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Community-based rehabilitation helps prevent cardiovascular disease

17 Sep 2013



(From left) Mr Tay, Kheng Yong, Yu Heng and Asst Prof Chang


Patients showed an overall improvement in exercise tolerance and stamina at the end of the study
A decrease in body fat and “bad” cholesterol; an improvement in total cholesterol levels, exercise tolerance and stamina – these are some of the benefits of a community-based rehabilitation programme for cardiovascular disease prevention. The key findings by NUS and the Singapore Heart Foundation represented the first such study done in Asia on a community programme aimed at reducing cardiovascular risk.

According to the Singapore Heart Foundation, one out of three deaths in Singapore is due to cardiovascular disease. In fact, it accounted for 30.4 per cent of all deaths in 2011.

Assistant Professor Joanne Yeh Chang of the NUS Department of Pharmacy led the study. She worked with recent NUS Pharmacy graduates Mr Kwan Yu Heng and Mr Ong Kheng Yong, together with Mr Tay Hung Yong of the Singapore Heart Foundation.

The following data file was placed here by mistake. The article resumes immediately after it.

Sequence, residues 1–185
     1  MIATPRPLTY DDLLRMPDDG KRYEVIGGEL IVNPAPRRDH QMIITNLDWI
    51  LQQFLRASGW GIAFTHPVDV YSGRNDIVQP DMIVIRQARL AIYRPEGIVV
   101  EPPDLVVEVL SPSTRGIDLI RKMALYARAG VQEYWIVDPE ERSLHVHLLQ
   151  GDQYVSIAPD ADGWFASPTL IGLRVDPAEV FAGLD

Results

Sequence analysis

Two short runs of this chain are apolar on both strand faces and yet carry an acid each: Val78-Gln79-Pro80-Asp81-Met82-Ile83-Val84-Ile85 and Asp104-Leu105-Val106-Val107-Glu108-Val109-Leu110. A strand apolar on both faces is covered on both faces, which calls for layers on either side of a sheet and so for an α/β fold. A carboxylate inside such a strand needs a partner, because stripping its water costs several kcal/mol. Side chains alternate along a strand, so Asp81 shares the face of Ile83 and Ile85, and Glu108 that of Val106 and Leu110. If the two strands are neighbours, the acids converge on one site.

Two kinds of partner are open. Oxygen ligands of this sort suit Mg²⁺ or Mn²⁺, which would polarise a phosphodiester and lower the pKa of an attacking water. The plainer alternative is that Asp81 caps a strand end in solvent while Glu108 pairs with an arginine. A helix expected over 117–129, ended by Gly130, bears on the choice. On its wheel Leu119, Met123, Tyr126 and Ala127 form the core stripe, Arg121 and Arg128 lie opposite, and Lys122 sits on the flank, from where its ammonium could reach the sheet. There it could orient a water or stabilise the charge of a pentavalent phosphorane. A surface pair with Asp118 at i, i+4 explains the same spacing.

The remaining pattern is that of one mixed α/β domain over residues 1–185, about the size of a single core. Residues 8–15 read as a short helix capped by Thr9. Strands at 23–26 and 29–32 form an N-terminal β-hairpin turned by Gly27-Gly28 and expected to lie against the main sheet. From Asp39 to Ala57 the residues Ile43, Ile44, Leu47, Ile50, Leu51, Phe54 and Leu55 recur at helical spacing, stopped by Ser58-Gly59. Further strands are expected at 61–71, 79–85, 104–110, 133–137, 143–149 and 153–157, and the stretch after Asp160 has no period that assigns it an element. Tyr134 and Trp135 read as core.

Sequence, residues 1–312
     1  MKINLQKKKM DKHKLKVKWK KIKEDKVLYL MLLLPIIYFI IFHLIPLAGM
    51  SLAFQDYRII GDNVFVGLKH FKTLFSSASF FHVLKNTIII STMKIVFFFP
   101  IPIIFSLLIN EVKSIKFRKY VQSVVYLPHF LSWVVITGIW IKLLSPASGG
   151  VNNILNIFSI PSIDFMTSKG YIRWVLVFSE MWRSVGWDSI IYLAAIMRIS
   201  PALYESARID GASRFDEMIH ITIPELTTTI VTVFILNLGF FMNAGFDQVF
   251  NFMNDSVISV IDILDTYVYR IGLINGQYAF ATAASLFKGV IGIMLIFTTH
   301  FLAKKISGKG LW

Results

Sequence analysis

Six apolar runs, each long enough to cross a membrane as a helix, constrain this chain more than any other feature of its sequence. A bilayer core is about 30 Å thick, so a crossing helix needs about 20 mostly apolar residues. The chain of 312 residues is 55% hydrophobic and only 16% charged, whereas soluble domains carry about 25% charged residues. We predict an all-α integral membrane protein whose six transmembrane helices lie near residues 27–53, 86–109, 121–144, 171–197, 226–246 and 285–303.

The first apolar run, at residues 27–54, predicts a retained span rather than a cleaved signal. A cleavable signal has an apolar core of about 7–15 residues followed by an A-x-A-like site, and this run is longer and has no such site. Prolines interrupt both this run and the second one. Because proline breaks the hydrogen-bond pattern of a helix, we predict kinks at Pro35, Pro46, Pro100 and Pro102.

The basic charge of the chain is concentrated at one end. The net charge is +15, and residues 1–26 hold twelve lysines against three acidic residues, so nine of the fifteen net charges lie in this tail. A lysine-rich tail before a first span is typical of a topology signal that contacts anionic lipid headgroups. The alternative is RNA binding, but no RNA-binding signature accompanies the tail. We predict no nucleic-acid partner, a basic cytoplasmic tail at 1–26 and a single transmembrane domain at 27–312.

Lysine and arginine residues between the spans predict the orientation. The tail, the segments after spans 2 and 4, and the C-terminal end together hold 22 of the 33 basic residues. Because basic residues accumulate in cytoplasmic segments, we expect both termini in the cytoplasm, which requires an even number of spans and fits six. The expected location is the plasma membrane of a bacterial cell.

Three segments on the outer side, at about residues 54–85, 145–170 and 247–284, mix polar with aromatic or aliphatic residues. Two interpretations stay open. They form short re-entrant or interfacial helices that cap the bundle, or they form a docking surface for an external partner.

“After getting cardiovascular disease, some of the patients feel low-spirited and do not have the drive to carry out rehabilitation. However, when the patients were with other patients at the rehabilitation centre, they encouraged and supported each other. These made the patients continue with their rehabilitation,” explained Asst Prof Chang.

More than 200 local patients with certain cardiac risk factors or underlying cardiac disease were assessed over 12 months at the Singapore Heart Foundation as part of the Heart Wellness Programme. This involved individualised series of exercise programmes, nutritional reviews, smoking cessation programmes as well as psycho-social counselling. The patients had their heart rate, blood pressure, body weight, body fat and exercise tolerance measured.

At the end of the programme, the patients showed positive changes in their health and cardiac risk factors, demonstrating the potential of the programme in slowing disease progression and preventing further complications.

The results can serve as a reference for healthcare professionals and administrators in Singapore to further support and expand similar programmes. The researchers hope that the study will also influence other Asian countries to initiate affordable early cardiovascular disease intervention programmes to promote health awareness.

Next, there are plans to carry out a controlled trial which targets 1,000 patients over five years.


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